Following the results of the subjective evaluation (H domain), MiruSinger, a singing skill visualization interface, was implemented (I domain). MiruSinger provides realtime visual feedback of singing voice, and focuses on the visualization of two key features . F0 (for pitch accuracy improvement) and vibrato sections (for singing technique improvement). Unlike previous systems, real-world music CD recordings are used as referential data. The F0 of vocal-part is estimated automatically from music CD recordings, which can further be hand-corrected interactively using a graphical interface on the MiruSinger screen.
Part2: Singing expression (voice percussion)
Voice percussion in our context is the mimicking of drum sounds by voice, expressed in verbal form that can be transcribed into phonemic representation, or onomatopoeia (e.g. don-tan-do-do-tan). Chapter 5 describes a psychological experiment, voice percussion expression experiment, which gathers data on how subjects express drum patterns (H domain). This will serve as a preliminary basis for developing a voice percussion recognition method. Previous studies on query-by-humming focused on pitch detection and melodic feature extraction, but these features have less relevance in voice percussion recognition, which is primarily concerned with classification of timbre and identification of articulation methods. The methods for handling such features can be useful tools for music notation interface, and also can be applied to have promising applications in widening the scope of music information retrieval.
A "drum pattern" in our context means a sequence of drum beats that form minimum unit (one measure). In this thesis, drum patterns consist of only two percussion instruments . bass drum (BD) and snare drum (SD). In the expression experiment, there were 17 subjects of ages 19 to 31 (two with experience in percussion). The voice percussion sung by the subjects were recorded and analyzed. Significant discoveries from the expression experiment include: "the onomatopoeic expression had correspondence with the length and rhythmic patterns of the beats" and "some subjects may verbally expressed rest notes".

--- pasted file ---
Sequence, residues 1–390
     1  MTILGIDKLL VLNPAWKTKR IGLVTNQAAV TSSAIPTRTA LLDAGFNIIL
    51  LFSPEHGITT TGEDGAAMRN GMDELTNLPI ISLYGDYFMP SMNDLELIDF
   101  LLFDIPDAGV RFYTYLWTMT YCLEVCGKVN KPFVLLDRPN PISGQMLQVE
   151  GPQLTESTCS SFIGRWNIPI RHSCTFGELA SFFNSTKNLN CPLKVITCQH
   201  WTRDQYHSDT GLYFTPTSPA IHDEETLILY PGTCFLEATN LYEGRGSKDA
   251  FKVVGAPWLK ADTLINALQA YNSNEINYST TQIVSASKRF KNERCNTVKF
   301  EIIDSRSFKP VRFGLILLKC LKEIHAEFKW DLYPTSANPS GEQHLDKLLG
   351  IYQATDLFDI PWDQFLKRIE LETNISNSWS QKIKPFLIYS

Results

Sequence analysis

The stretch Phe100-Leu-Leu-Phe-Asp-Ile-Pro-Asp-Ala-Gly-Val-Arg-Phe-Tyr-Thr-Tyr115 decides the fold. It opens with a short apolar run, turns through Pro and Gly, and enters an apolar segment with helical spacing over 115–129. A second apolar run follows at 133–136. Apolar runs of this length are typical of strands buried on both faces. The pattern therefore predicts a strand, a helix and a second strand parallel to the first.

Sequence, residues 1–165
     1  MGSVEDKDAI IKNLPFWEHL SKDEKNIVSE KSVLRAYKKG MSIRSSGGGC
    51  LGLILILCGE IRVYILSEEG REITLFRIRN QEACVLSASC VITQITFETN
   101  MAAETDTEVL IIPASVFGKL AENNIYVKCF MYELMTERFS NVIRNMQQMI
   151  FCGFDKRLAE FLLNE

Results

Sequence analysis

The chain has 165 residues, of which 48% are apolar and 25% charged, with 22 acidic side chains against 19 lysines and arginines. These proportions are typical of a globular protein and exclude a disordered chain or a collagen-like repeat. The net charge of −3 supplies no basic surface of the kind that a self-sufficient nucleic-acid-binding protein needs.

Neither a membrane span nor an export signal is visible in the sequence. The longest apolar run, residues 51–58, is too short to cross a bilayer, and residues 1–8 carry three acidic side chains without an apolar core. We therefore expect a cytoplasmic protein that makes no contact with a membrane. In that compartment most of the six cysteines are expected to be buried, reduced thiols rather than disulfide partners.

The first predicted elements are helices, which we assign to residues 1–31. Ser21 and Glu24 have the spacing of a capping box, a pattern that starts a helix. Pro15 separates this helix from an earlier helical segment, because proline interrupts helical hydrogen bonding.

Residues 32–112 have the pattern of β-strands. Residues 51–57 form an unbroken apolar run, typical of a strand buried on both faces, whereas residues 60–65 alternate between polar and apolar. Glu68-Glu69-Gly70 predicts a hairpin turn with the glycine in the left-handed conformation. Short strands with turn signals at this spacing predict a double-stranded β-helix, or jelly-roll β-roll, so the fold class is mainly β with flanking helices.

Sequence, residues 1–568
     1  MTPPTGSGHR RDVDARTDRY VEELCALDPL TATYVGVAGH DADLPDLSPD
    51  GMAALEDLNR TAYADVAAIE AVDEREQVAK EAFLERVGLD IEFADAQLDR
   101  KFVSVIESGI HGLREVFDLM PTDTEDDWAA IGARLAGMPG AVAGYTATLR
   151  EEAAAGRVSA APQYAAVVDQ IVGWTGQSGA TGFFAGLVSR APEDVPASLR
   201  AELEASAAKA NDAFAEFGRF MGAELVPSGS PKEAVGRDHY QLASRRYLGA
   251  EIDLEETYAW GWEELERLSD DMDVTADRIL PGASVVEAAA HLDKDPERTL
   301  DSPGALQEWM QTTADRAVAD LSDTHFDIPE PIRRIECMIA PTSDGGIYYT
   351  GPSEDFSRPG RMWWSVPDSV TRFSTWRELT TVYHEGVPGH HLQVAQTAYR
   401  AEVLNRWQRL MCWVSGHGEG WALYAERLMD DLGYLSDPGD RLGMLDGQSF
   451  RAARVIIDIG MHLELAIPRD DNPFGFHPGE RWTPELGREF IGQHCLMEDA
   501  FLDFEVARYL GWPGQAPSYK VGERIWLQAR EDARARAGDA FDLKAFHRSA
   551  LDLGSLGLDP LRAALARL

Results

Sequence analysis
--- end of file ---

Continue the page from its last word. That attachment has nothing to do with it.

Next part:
Chapter 6 describes a voice percussion recognition method. The voice percussion was compared with all the patterns in a drum pattern database, and the pattern that was estimated to be acoustically most close to the voice percussion is selected as the recognized result (M domain). The search first looks for drum patterns over onomatopoeic sequences. This selects instrument sequences with the highest likelihood ratings, which are then checked over their onset timings. The pattern with the highest ranking is output as the final result. The recognition method was tested by recognition experiments over a combination of different settings of the acoustic model and the pronunciation dictionary. The following 4 conditions were evaluated.
(A) General acoustic model of speech
(B) Acoustic model tuned by voice percussion utterances not in evaluation data
(C) Acoustic model tuned to individual subjects
(D) Same acoustic model, with the pronunciation dictionary restricted to the expressions used by the subject
The recognition rate in the evaluation experiments were (A)58.5%, (B)58.5%, (C)85.0%, and (D)92.0%.
Following the encouraging results of the proposed method as a practical tool for voice percussion recognition, a score input interface, Voice Drummer, was developed, as its application (I domain). Voice Drummer consists of a score input mode which is used for drum pattern input intended for use in composition, and an arrangement mode which edits drum patterns in a given music piece. There is also a practice/adaptation mode where the user can practice and adapt the system to his/her voice, thus increasing the recognition rate.
Part 1 presented the results of the subjective evaluation experiments, and presented two acoustical features, pitch interval accuracy and vibrato, as key features for evaluating singing skills. The results of the subjective evaluation suggested that the singing skill evaluation of human listeners are generally consistent and in mutual agreement. In the classification experiment, the acoustical features are shown to be effective for evaluating singing skills without score information.
Part 2 presented the results of the voice percussion expression experiment, and presented a voice percussion recognition method. The onomatopoeic expressions utilized in the regcognition experiment were extracted from the expression experiment. In the recognition experiment, the voice percussion recognition method achieved a recognition rate of 91.0% for the highest-tuned setting.
The results of these two studies were adapted to the development of two applications systems, MiruSinger for singing training assistance and Voice Drummer for percussion instrument notation. Trial usage of the systems suggest that they would be a useful tool and fun for average users.
The presented work can be seen as pioneering work in the fields of singing understanding and expression, contributing to the advance of singing voice research.